Thursday, April 19, 2018

Snorkeling for Mushrooms (video)

When it rains the northern watershed gathers it in the foothills to feed the LA River.
There are entheogens, edibles, and even underwater mushrooms like Psatyrella aquatica.

(Time River Productions) Why is Hahamongna Watershed, Pasadena, California so special?

Our mycology expert (Arboretum)
HAHAMONGNA, California - In Pasadena, in the foothills of the Angeles National Forest, northern Los Angeles County, above the Rose Bowl, we gathered.

We trekked through stinging nettle as Christopher Nyerges warned us, over fields of chickweed and lambsquarters in search of the elusive "snark."

We came to the bridge by the distant City of JPL (Jet Propulsion Lab, a world unto itself in collaboration with nearby Caltech University and NASA) along the Gabrielino Trail behind the world-famous facility.

Clusters of mushrooms fluorescing
It was after a sudden spring rain that turned the whole area green and flowery.

Water rushed down the Flintridge Wash of the Upper Arroyo into Devil's Gate Dam to the delight of ducks paddling like  pargeons in a pool.
California Foraging: Los Angeles

Real "Street Food": Urban Foraging in the City of Los Angeles
(Great Big Story, July 11, 2017) Christopher Nyerges (The School of Self-Reliance) has always loved plants and the outdoors. When he was a kid, he would forage and store plants in his parents’ refrigerator. Now Nyerges is teaching others to do the same. But this isn’t some nature hike foraging. Nyerges uses his encyclopedic botanical knowledge and a keen eye for urban-dwelling edible wild plants to teach other residents of Los Angeles where to find them. At his School of Self-Reliance, he shows city folks how to scour alleyways, parking lots, city parks, and the sides of highways to find unexpected wild treats. From mushrooms to mustard flowers, radish pods to mallow fruits, Nyerges can help anyone forage the best veg street food ever.
California Foraging: Hahamongna
(KCETOnline) Mia, Eli, and Pascal show how fun it is to forage wild plants and live off the land.
Everywhere we turn in wild California, there's something to eat -- if one knows what to look for. Foragers Mia Wasilevich and Pascal Baudar of Transitional Gastronomy shop at the grocery store, but they also head into the woods regularly, carrying daypacks, little knives, and compasses, finding edible plants scattered across public lands.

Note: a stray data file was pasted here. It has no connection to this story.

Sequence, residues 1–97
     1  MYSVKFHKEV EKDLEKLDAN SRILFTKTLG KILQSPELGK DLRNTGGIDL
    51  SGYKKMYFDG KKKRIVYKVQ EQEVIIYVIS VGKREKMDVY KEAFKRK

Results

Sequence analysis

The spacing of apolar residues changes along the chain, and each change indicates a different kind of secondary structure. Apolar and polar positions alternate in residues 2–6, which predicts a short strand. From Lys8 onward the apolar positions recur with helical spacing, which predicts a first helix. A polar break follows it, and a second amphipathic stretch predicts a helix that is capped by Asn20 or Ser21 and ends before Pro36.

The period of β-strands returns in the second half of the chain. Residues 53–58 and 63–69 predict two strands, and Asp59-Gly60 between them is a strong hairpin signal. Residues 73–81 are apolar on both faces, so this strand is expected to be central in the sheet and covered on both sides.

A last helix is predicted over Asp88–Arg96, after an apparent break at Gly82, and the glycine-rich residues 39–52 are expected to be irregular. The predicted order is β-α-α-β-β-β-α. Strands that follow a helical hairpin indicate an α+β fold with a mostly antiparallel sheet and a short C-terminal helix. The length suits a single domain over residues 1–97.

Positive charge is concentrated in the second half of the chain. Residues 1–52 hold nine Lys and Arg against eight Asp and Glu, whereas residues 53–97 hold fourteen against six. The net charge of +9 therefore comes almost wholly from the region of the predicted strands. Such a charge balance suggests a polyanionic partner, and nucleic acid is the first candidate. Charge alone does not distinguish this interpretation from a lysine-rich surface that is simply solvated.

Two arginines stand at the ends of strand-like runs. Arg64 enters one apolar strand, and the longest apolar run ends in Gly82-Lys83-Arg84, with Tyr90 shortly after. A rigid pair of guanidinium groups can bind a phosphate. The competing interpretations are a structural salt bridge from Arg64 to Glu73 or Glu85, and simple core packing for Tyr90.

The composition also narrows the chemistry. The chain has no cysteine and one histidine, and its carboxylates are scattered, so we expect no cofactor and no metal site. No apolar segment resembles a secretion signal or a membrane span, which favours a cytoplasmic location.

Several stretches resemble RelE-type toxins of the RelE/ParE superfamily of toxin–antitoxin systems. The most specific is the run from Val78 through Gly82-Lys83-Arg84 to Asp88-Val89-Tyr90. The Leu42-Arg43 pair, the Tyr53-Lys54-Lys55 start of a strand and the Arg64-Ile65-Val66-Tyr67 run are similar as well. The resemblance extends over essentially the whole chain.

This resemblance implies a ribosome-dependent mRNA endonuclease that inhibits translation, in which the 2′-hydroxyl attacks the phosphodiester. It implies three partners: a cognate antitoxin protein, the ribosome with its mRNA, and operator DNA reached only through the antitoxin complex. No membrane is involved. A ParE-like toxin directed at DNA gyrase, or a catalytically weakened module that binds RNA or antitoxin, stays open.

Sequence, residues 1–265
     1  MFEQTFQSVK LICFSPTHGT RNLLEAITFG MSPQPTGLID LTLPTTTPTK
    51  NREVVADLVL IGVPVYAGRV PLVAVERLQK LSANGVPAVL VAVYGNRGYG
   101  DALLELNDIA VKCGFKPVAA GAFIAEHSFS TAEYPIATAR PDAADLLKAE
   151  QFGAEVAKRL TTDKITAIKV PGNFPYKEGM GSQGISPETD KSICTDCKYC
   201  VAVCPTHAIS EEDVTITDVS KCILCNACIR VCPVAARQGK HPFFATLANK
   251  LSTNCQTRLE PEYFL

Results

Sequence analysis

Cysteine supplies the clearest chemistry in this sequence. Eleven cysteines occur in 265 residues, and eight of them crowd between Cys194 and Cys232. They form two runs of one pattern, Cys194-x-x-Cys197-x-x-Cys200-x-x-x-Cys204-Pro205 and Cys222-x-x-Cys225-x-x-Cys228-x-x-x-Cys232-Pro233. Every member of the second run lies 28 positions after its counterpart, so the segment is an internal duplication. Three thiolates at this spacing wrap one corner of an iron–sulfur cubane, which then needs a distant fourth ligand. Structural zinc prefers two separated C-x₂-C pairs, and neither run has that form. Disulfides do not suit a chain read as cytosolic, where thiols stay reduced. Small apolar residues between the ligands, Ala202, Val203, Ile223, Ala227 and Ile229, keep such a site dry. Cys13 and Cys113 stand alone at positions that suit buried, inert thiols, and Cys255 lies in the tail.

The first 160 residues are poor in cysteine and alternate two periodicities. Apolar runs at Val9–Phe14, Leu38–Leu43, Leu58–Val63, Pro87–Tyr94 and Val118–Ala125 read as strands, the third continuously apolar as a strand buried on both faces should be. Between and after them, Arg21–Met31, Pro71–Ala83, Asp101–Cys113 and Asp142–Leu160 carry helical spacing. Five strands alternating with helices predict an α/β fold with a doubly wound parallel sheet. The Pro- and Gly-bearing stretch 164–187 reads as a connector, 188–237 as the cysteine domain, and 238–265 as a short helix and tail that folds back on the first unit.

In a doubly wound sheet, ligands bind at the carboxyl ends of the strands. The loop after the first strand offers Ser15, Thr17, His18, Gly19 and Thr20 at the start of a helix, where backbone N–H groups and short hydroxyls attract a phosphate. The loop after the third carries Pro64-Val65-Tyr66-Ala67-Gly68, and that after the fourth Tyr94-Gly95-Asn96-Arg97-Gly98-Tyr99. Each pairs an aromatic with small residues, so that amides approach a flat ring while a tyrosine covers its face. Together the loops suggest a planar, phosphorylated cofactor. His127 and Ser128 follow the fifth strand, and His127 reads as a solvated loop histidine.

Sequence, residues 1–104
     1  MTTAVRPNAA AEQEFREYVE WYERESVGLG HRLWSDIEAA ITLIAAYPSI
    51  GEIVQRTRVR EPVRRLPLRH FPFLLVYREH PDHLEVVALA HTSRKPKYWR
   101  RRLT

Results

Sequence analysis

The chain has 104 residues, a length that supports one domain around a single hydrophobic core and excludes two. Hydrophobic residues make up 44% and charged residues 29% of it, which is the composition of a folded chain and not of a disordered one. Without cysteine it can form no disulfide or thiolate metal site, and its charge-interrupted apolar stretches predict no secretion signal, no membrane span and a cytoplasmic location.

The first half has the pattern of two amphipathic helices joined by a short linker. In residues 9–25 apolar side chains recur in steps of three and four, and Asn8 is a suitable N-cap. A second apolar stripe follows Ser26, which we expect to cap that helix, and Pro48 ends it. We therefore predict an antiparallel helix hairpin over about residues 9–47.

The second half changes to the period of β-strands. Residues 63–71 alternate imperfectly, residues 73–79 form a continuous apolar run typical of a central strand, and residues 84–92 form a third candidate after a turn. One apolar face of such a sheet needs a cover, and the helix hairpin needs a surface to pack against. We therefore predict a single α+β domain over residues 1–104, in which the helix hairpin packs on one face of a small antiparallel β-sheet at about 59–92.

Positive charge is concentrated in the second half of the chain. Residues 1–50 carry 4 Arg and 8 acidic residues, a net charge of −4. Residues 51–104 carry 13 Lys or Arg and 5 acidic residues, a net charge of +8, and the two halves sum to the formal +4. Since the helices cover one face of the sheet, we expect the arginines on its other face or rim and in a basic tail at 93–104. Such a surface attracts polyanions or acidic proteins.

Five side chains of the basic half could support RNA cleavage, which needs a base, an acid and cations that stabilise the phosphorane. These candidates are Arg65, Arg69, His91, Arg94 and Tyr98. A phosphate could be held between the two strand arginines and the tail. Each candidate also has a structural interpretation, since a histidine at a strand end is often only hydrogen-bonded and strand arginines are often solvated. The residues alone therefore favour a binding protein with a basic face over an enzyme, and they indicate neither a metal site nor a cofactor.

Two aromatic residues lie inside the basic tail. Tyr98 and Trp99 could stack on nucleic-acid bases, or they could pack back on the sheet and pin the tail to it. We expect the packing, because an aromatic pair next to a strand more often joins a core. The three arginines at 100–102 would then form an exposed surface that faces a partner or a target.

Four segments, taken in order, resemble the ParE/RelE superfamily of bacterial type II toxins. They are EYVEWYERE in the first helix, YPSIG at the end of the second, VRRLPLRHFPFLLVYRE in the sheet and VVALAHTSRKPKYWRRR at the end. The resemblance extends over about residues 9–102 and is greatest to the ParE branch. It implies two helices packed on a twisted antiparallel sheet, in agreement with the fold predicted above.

Old ones, bold ones but no old-bold shroomers
They like it so much they've turned it into a business, with Pascal leading interested food nerds out into the woods to collect cat tails, purslane, wild radishes, and more, with which Mia cooks up a feast using these wild ingredients (SoCal Food). Eli Newell came along for one such VEGGIE HUNT with Pascal and learned about native versus invasive plants in Southern California's woodland parks. Which do you suppose peaches are?). We ate flowers and asked Pascal just why, exactly, he makes a habit of rubbing poison oak on his face.

California Foraging: The Gabrielino Trail

PART II: Beware the common poison oak, which didn't bother the Natives.
Underwater Mushrooms?
Oregon Mycologist Darlene Southworth reveals her new discovery: Psathyrella aquatica

Learn: Wild Mushroom Fair, L.A.
A few days before we wandered through our hunt, finding ourselves under the big wooden bridge next to the dam. Looking below us we could see tree oysters in clusters.

We scrambled down in search of mycological samples blooming high in the trees, too high to reach.

Soon the water came and we needed to dive for them, not fancy scuba diving in the pollution, but messy snorkeling in the muck. Who tosses this plastic junk and automotive residue into the river way?

Boating the LA River by canoe (
There they were, tree oysters! This was not the first time we had spotted them in these woods. They love willows. Nor was this the first time we fished for them. Monica and I came out in the mist of a swollen creek by the magic tree.

Not only did we collect the fruiting bodies from the tree, there was a big "fishy mushroom" floating in the water, pink as salmon, slick as rainbow trout.

Oysters grow on trees not on the ground!
We grabbed a branch and reeled it in in disbelief. It was such a large sample that, soaked, it had broken from the tree and plunged into the temporarily swollen creek, where the water can rise 12 feet or more in a day.
What's so special it? Tim Brick (Arroyo Seco Foundation) explains
Founation preserving Los Angeles Foothill communities (


The Great 2018 LA River CleanUp
April 21, 2018

Middle River
Los Feliz Blvd at Bond Park Register
Fletcher Drive/Bowtie Parcel Register
Marsh Park Register
The Frog Spot Register
April 28, 2018

Lower River
Compton Creek at Del Amo Metro Station

Willow Street Estuary Register
Golden Shore Marine Reserve Register

The Great LA River CleanUp (La Gran Limpieza) three weekends in April (

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